A Reflection On The Life Of Our Baby Girl

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Nine months ago I wrote a prayer for our unborn baby when I was 27 weeks pregnant. Now our baby girl is 25 weeks old and I was not wrong about my own struggles. There is a huge amount of helplessness a parent feels for their child. When she bursts into sobs after previous contentment you try the few desperate consolation tricks you know and then you dissolve into an exasperated defeated shoulder shrug. You have no idea what’s wrong. Then she’s sick with pinkeye and a cold and has a 101 fever and you don’t know what to do. You ask your husband what to do and he, likewise, doesn’t know. Meanwhile someone’s life is in your hands. You are her creator and her sustainer.  You are her anchor; an anchor that is ill weighted sliding across the bedrock while the boat is kicked up by storm.

You find that it’s a relief when your sister, mother or mother in law (anybody!) wants to hold her because all the baby does at this point when she’s not eating, sleeping and filling diapers (and those things have easy remedies, phew) is a lot of looking around. Looking around while in the bouncer, looking around while on her playmat, looking around in your arms, looking around in the stroller. The looking around and smiling is nice. She’s content. She’ll even let you snuggle her for 5 seconds straight. But then it wears into fussing and there’s nothing more to offer of locations and positions of looking around so what now? You want to hold her? Be my guest. I tell myself I’ll understand her better when she can walk and talk and that happens soon, right? Well no, not soon. Come to find out, full articulated sentences don’t happen until they’re 25 years old so I think I’m in for it.

Still, and this is our purpose as parents, right?  My one goal for Isla is goodness. Not chiefly goodness for her (though I wish her that joy too) but goodness from her and I constantly wonder how soon the instilling of that starts. I find that, often, I’m waiting for some demarcated time when this or that starts. I’ve come to realize that life just happens, it’s happening while you’re waiting and then you’ve missed what you should have been doing the whole while. It’s easy to view your child as a baby still, even when they’re 15 or 24 months old. To view them too young to grasp lessons but I read somewhere that as early as 9 months your child learns the tool of manipulation. I believe behavioral expectations are best instilled early on so when do I start? At 5 months old she obviously doesn’t intend to scratch or hit, that’s just her primitive reflexes and motor skills still being refined. But soon it won’t be an accident and how do I reason with her then? And what about the lesson your child wants to engage you in? Children have a way of revealing their souls to you when you’re running 15 minutes late for work or when it’s well past bedtime. Will I miss moments because life is passing, I’m exhausted and I didn’t hear the movie soundtrack cue: crucial life defining moment happening in 3, 2, 1?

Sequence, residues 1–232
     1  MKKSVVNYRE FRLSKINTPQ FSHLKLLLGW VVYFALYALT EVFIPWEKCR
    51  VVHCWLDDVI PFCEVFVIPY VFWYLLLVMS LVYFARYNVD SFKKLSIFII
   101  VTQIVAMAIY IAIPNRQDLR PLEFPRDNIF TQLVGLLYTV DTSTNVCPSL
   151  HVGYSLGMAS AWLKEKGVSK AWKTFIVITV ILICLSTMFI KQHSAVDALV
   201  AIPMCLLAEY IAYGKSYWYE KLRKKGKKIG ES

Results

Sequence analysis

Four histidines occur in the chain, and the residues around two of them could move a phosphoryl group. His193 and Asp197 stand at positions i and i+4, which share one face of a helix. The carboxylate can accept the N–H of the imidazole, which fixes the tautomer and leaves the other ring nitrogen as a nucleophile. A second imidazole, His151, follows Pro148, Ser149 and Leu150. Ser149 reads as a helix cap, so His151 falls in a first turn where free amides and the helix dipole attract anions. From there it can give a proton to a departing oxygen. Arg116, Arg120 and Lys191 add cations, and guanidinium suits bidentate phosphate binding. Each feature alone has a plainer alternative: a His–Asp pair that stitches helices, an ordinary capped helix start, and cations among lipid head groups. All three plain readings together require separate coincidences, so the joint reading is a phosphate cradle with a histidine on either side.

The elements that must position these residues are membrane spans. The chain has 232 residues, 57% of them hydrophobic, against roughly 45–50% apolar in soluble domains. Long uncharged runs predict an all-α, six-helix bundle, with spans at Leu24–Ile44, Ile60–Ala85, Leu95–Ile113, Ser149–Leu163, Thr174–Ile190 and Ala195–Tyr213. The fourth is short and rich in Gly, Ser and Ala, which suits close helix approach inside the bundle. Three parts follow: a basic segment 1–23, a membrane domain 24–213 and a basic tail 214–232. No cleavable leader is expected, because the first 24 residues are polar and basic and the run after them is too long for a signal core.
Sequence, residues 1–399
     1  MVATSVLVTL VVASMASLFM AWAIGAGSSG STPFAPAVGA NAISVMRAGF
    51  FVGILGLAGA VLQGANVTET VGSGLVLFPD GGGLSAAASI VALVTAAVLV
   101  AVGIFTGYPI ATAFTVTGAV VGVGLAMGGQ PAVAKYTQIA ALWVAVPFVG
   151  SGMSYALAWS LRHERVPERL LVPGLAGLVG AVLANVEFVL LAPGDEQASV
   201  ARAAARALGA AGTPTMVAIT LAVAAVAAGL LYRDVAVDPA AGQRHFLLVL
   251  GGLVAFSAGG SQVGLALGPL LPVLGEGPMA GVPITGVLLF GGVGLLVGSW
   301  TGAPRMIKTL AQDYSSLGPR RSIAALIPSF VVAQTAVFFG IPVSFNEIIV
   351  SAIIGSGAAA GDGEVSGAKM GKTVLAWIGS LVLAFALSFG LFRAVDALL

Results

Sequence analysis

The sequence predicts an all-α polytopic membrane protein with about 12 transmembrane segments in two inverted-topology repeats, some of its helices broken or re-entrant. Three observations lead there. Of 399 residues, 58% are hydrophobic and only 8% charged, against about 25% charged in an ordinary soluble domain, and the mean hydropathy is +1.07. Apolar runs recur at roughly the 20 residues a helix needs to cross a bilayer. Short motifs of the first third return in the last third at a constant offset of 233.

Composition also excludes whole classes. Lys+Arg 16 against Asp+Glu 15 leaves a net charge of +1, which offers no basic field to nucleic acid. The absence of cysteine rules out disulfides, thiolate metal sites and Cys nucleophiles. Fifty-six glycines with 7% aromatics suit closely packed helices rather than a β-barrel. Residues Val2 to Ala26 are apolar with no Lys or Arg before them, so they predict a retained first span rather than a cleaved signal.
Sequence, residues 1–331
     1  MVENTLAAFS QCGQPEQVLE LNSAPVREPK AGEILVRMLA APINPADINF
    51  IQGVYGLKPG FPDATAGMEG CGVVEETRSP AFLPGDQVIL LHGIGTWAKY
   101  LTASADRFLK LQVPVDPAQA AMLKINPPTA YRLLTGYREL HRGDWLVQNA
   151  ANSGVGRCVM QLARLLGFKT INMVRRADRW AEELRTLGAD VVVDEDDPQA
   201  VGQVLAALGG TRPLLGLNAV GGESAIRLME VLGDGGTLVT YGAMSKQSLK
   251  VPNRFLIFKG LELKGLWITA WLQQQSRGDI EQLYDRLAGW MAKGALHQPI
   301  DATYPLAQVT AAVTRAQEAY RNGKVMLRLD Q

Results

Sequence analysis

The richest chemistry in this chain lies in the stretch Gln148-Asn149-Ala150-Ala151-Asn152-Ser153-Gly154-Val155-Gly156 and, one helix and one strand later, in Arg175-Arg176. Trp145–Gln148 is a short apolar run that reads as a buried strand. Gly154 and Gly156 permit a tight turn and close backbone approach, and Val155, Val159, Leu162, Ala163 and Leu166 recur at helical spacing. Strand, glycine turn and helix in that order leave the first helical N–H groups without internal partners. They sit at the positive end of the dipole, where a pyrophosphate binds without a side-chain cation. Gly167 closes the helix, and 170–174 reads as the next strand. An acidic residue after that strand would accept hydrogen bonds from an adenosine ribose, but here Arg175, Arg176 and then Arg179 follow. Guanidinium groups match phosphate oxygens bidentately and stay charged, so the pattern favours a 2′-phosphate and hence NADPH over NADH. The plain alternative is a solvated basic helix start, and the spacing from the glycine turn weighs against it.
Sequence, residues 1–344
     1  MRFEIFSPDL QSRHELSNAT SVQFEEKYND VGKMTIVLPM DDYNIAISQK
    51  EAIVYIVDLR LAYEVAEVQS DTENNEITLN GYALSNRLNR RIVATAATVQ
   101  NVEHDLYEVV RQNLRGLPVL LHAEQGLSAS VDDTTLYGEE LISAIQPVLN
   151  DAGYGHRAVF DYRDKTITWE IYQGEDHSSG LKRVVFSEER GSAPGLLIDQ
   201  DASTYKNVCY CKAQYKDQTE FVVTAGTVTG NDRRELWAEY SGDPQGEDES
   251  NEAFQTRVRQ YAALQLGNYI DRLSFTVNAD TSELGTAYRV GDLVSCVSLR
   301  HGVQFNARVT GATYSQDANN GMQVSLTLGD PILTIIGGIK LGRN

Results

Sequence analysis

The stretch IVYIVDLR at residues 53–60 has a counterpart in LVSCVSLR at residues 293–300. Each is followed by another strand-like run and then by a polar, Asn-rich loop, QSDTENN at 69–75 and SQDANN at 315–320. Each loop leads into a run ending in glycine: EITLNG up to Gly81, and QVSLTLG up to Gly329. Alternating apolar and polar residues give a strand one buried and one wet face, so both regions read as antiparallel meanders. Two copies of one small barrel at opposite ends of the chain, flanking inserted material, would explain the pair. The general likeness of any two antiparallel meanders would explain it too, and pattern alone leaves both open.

What will her genetically given personality be? This really frightens me. I will try my best to groom her to fight her nature. This is what civilization is; fighting one’s nature for the well-being of the collective and the well-being of one’s own life as the natural state of humanity is barbarism. But a parents guidance only goes so far and then it’s just eccentricities of her personality at work. Will she be naturally strong-willed, will she be stubborn, will she be easily angered? Will she be laid back, will she be understanding, will she be empathetic? How hard will she have to fight her nature to be civilized and how hard will it be for me to wrap my mind around her eccentricities and imagination.

Reason is the natural order of truth; but imagination is the organ of meaning.  -C.S. Lewis

How big of a deal will the arguments of ‘keeping your bottom on the seat and your feet on the ground’ be for her future? Will my laziness in this area lead to a laissez-faire adult that doesn’t respect or have reverence for personal property and etiquette? How do I groom her with my values when my values are more and more archaic by modern standards?

Not only will I be fighting my child’s will but I will be fighting popular culture to raise my child as well. Popular culture will be telling her that her desires are paramount to any old crusty institutionalized idea of truth. In fact she’ll hear that there is no objective truth only one’s own made up conclusions on the matter. She’ll hear that the only area that the concept of ‘universal’ is applied to is love. Love is all you need, right? When I tell her “wrong” I will be chiseling through layers and layers of cultural-consciousness sediment that will feel violating to her. Man, do we have our work cut out for us.